The NLC manages public land to ensure:

  • Equitable access to land across Kenya
  • Sustainable and productive use of public land
  • Transparent and accountable administration of public land
  • Protection of ecological sensitive areas and critical ecosystems

Recommending National Land Policy

The NLC has the mandate to recommend a comprehensive national land policy to guide the administration and management of all land in Kenya. The policy provides the overall framework to address fundamental land issues, including:

  • Historical land injustices around dispossession and displacement
  • Land tenure reform and security of tenure
  • Equitable access to land for all Kenyans
  • Sustainable land use practices
  • Efficient land dispute resolution mechanisms
  • Gender equity in land ownership and access

The NLC conducted nationwide consultations to formulate the National Land Policy which was adopted in 2009. The Commission continues to review the policy and recommend changes to align it with the Constitution, emerging issues, and best practices.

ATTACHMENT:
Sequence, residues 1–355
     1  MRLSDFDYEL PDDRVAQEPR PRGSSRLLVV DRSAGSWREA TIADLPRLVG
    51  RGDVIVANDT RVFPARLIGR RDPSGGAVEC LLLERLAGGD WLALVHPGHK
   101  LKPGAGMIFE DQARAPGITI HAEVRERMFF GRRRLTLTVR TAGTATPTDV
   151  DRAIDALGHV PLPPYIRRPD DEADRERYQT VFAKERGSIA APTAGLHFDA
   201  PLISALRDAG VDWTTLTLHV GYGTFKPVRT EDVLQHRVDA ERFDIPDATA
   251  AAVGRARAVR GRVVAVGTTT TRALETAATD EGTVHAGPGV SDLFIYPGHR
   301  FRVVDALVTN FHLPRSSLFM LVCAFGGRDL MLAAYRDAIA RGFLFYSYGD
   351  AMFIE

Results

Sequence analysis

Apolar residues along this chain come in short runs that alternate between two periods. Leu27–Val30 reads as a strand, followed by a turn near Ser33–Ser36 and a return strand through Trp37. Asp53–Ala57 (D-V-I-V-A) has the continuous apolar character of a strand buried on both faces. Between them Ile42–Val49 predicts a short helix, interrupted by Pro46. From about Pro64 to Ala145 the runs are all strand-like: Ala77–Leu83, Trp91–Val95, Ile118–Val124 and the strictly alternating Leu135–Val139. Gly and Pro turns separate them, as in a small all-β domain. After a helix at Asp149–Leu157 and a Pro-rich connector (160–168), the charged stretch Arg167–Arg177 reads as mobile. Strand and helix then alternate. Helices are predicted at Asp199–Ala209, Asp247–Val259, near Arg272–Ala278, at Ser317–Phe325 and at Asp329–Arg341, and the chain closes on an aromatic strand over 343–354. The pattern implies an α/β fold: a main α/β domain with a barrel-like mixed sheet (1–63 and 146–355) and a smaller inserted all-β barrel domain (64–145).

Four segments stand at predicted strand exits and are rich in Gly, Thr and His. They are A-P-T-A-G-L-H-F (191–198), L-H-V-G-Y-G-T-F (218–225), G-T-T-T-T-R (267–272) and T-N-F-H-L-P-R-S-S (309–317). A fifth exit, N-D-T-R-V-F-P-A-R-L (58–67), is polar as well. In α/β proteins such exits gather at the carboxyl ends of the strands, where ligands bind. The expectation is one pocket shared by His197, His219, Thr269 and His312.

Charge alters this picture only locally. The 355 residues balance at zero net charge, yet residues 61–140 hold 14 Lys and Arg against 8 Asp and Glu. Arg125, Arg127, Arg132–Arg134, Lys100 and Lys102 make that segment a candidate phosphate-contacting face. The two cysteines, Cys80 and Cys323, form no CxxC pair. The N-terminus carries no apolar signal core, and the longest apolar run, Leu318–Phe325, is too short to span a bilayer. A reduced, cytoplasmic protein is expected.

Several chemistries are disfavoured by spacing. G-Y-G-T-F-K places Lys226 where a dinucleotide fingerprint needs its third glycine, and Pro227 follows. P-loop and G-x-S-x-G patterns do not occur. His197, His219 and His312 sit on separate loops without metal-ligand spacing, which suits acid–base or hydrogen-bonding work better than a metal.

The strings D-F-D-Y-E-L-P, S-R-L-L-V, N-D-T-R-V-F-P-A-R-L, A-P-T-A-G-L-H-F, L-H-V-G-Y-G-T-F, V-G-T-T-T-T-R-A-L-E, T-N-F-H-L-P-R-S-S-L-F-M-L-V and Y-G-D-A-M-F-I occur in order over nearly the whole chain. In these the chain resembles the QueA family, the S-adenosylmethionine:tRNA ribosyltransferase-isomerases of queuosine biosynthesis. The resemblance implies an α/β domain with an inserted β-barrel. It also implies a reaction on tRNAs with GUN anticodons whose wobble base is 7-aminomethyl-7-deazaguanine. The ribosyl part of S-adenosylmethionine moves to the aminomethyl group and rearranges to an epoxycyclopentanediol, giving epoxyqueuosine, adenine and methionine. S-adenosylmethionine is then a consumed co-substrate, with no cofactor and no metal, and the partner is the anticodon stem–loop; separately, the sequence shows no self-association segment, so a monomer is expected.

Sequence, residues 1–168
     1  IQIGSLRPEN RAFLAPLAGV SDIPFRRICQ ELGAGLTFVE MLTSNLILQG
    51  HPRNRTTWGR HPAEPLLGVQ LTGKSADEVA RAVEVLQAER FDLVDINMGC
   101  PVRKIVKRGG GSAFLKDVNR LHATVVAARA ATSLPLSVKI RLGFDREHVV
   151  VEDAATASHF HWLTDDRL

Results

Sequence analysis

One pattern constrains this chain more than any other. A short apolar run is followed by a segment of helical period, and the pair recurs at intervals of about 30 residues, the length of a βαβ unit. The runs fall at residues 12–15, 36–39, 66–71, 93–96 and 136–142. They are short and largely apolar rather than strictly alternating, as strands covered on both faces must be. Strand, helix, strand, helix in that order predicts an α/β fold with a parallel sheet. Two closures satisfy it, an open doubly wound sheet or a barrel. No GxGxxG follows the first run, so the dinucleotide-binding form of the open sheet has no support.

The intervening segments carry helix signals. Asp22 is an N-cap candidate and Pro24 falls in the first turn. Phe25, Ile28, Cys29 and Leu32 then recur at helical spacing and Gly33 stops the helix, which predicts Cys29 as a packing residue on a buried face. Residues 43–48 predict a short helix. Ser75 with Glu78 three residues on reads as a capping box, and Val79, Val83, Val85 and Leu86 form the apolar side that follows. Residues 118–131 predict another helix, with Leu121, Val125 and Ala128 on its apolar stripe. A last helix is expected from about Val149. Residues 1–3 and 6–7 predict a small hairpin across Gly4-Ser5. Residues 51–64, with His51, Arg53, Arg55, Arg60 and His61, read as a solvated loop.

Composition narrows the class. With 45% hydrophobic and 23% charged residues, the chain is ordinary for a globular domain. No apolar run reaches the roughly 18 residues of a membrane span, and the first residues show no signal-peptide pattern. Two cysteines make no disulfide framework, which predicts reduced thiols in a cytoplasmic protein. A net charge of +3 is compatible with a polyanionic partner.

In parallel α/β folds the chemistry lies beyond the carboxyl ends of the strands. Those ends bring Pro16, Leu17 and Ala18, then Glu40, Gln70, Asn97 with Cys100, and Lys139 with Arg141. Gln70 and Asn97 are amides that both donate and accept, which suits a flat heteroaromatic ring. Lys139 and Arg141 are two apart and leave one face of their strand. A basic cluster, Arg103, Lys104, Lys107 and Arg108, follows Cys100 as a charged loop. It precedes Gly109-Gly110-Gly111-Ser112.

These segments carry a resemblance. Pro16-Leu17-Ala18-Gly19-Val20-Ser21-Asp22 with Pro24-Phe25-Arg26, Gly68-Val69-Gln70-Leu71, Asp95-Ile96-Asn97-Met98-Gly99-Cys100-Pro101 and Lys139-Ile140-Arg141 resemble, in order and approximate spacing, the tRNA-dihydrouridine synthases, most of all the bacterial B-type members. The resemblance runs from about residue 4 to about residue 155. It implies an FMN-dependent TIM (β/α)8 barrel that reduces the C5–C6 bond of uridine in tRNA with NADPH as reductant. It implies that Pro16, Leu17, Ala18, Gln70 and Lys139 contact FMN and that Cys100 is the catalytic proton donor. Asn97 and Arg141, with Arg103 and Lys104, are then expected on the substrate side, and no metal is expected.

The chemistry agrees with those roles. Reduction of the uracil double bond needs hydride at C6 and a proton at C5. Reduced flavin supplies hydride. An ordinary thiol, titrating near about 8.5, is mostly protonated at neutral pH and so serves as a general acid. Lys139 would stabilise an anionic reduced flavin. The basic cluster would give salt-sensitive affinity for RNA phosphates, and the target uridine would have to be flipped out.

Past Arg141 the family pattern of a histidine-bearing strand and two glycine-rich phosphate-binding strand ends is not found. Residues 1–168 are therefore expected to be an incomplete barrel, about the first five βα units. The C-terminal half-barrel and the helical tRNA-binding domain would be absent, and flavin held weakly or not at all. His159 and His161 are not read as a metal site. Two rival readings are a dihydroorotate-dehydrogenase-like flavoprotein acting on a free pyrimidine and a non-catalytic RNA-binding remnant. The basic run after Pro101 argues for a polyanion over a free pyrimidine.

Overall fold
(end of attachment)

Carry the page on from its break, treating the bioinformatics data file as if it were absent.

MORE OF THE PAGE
Overseeing Land Use Planning

The NLC has oversight and monitoring responsibilities over land use planning at the national and county government levels throughout Kenya. This entails:

  • Developing national guidelines and standards for land use planning
  • Coordinating integrated land use planning between counties
  • Monitoring compliance of physical development plans with existing guidelines
  • Overseeing formulation and implementation of land use policies

Proper land use planning is key to achieving sustainable and productive use of land resources across Kenya. It provides for coordinated management of limited land in the face of competing needs, such as farming, housing, industry, infrastructure, and conservation.

Investigating Historical Land Injustices

The NLC is mandated to initiate investigations into present and historical land injustices, either on its own initiative or in response to complaints.

Historical land injustices refer to wrongful land dispossession and displacement during the colonial period. These injustices led to mass displacement, loss of ancestral land, and deprivation of land rights for certain communities.

The Commission investigates these injustices and recommends appropriate redress mechanisms. This may include restitution, compensation, or alternative dispute resolution.

Addressing historical injustices is vital in healing wounds of the past and promoting national reconciliation and unity. It also entrenches land tenure security.

What Are The Challenges Faced By The National Land Commission In Kenya

The National Land Commission (NLC) in Kenya faces several challenges in its mandate to manage public land and spearhead land reforms. These challenges include: